Grant Robertson: No, I do not think that it does. I agree with you that the change we are looking for will take some time. Some of that is data collection, I might add. There is always a lag on that, but this will be a long-term change. At the risk of repeating myself, it is one of the reasons for getting the Healthy Active Learning programme, that I mentioned. That is a shared programme between our Ministry of Health, our Ministry of Education, and Sport New Zealand. All three of them are jointly accountable for it. Sport New Zealand has driven a lot of the work, but it means that if you put it all the way back to Ministers, the Minister of Health and the Minister of Education are responsible for the delivery of the framework just as much as I am. I think the approach we are taking creates more shared accountability.

It surprised me when we came to put this programme together that Sport New Zealand had had very few opportunities over the years to sit down with health and education officials to create a joint programme like this. Part of that is the structure of our system whereby Sport New Zealand is a Crown entity and those agencies are core government departments, but this is the whole problem of breaking down silos. It has to happen. We will not change obesity rates if we consider it to be one agency’s issue or problem to deal with. I hope the initiative we have taken will start to turn around some of the numbers that you mentioned.

Q112       Baroness Morris of Yardley: Good morning, Minister and Dr Hume. You started to talk about the question that I was going to ask, but I will carry it on. It is about drop-out rates. When you look at the statistics, you really have high participation rates in young children, but it looks as though you have the drop-out rate that we have in the early teenage years and beyond. Could you say a bit more about that? You have had a lot of initiatives over the last years. How effective do you think they have been in addressing the drop-out rate?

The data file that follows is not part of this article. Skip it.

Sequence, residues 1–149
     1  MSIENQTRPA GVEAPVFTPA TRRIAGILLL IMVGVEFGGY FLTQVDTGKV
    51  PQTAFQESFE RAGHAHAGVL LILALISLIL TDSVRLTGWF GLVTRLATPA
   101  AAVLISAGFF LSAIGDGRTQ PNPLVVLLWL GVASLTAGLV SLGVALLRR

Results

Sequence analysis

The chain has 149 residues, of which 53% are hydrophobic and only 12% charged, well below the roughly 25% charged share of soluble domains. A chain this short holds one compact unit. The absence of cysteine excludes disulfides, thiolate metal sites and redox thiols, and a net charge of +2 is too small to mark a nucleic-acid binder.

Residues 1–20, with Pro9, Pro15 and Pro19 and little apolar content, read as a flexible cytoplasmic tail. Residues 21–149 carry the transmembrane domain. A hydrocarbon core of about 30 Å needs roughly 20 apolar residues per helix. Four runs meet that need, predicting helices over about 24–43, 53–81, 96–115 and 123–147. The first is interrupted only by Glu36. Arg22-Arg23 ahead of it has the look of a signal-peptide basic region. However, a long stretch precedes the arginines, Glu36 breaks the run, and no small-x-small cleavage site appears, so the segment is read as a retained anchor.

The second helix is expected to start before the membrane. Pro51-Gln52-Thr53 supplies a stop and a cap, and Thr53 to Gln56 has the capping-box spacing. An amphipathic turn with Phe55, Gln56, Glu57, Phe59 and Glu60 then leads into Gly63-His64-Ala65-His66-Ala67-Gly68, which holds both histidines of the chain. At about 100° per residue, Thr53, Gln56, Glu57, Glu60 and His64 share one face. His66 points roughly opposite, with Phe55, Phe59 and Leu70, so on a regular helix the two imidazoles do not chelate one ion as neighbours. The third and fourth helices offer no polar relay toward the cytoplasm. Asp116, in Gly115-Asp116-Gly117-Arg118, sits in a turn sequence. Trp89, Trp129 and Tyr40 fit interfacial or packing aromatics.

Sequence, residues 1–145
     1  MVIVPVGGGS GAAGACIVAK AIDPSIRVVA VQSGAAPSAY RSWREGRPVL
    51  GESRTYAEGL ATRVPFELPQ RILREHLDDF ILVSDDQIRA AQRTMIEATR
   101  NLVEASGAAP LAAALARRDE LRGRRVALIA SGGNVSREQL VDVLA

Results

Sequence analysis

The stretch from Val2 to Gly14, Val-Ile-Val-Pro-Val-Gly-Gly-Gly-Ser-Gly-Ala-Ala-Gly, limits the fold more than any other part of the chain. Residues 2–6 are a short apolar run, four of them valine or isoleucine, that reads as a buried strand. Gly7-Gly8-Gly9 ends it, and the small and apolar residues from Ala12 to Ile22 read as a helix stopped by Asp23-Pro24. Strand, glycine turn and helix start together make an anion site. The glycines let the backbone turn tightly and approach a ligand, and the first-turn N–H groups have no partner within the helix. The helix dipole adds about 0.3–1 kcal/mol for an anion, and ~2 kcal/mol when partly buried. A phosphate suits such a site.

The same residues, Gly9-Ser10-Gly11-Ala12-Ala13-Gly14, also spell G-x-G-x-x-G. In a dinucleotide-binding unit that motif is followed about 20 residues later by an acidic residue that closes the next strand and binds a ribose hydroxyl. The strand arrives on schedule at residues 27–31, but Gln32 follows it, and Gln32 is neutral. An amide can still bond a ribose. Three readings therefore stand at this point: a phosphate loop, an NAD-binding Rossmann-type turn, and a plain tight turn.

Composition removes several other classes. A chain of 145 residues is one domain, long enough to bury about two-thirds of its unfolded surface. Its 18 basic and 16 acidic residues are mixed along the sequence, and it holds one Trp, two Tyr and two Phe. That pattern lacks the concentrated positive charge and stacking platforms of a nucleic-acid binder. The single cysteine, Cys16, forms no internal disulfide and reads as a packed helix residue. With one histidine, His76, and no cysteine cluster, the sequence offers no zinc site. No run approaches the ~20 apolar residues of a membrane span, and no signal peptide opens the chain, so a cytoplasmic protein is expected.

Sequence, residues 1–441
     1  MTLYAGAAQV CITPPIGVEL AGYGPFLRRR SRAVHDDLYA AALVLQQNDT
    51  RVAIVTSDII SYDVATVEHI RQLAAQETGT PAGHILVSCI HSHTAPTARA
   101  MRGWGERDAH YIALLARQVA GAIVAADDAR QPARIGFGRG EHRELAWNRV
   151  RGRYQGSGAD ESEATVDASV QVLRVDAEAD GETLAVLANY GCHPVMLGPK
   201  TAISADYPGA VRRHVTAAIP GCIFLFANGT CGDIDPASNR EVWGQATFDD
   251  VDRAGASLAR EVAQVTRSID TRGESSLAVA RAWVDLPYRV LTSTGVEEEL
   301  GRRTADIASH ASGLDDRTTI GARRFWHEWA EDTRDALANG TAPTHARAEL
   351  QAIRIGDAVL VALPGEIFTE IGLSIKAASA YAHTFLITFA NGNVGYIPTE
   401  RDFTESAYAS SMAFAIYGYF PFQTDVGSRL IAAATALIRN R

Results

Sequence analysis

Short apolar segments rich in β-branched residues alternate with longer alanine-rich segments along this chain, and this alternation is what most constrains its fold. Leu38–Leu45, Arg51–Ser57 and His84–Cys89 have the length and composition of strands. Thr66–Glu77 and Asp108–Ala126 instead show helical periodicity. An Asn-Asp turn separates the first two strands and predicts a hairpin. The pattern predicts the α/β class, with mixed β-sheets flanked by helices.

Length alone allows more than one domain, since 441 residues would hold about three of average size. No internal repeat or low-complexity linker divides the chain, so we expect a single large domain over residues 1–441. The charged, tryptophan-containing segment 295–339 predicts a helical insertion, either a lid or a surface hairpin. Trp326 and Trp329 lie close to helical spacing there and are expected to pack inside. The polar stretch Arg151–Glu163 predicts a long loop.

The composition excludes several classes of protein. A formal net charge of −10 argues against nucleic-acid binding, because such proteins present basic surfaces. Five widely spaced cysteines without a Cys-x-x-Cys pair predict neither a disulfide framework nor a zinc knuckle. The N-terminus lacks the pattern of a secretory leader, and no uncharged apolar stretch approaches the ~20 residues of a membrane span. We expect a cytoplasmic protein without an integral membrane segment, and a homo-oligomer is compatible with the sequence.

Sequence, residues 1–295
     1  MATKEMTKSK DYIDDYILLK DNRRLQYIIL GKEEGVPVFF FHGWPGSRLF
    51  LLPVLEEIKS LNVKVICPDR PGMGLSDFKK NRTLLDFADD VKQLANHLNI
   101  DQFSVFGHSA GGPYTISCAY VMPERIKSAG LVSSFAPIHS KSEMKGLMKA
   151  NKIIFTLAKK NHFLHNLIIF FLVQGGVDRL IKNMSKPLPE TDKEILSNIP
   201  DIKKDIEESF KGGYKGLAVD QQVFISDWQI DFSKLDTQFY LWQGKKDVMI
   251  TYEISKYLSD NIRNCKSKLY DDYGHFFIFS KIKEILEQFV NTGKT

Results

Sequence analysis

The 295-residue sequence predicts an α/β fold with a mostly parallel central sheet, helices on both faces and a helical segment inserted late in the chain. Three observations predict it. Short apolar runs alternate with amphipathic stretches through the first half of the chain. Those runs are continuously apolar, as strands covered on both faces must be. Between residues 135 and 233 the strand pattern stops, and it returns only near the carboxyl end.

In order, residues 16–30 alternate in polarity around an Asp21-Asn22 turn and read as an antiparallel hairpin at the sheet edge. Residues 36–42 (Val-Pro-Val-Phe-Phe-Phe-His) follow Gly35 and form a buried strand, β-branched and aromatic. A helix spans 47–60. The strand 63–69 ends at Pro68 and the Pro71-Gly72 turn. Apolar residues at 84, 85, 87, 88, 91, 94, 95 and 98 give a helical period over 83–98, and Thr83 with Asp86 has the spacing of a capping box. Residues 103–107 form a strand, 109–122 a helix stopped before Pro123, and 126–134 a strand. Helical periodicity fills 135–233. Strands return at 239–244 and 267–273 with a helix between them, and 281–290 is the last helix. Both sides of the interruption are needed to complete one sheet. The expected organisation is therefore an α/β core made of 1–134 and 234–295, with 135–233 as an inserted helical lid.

Grant Robertson: Thank you very much for question. I will make a few comments and ask Dr Hume to pick up on them, particularly on the latter part of your question. We recognise this, and the Sport New Zealand board recognises it, and it has led to a change in the focus for our 2020-24 strategy being specifically about young people. The phrasing that we use, using our indigenous Māori language, is tamariki and rangatahi, which means children and young people. That is now the focus to improve activity levels for children aged five to 11 and reduce the drop-off for young people aged 12 to 18.

As a first step, we have made it a core goal in our strategy, and that drives much of what we are doing. In turn, it led to a number of initiatives that might be seen from a sporting perspective to be slightly counterintuitive in some senses. One is the Balance is Better scheme, where the major sporting codes came together to create a programme with the message to young people that getting involved and being active with your friends is more important than specialising very early in a sport.

One of the things we were seeing in drop-off rates is that people did not want to participate because they were not going to make the rep team or get to a particular point, so they fell away from an individual sport. Those sports joined with us to say, “Get involved in as many different things as you can when you are young. There is plenty of time to specialise later on. Focus on what you enjoy about it”. We found from our research that more often than not that was just being with friends and being active with friends.

Deciding to have a programme like that is controversial in some ways, because some people view it as shifting away from a focus on winning to a focus on participation, but the sports themselves have said to us, “We want people to build a strong base of their love of and interest in sport, and they will eventually become high-performance athletes, but they will have a much broader base and we won’t lose so many of them in the drop-off rates”. That programme is relatively new and I do not think it has had an assessment yet, but the anecdotal feedback we have had on it has been extremely strong. The strategy I mentioned is helping to drive some specific funding decisions that we have made.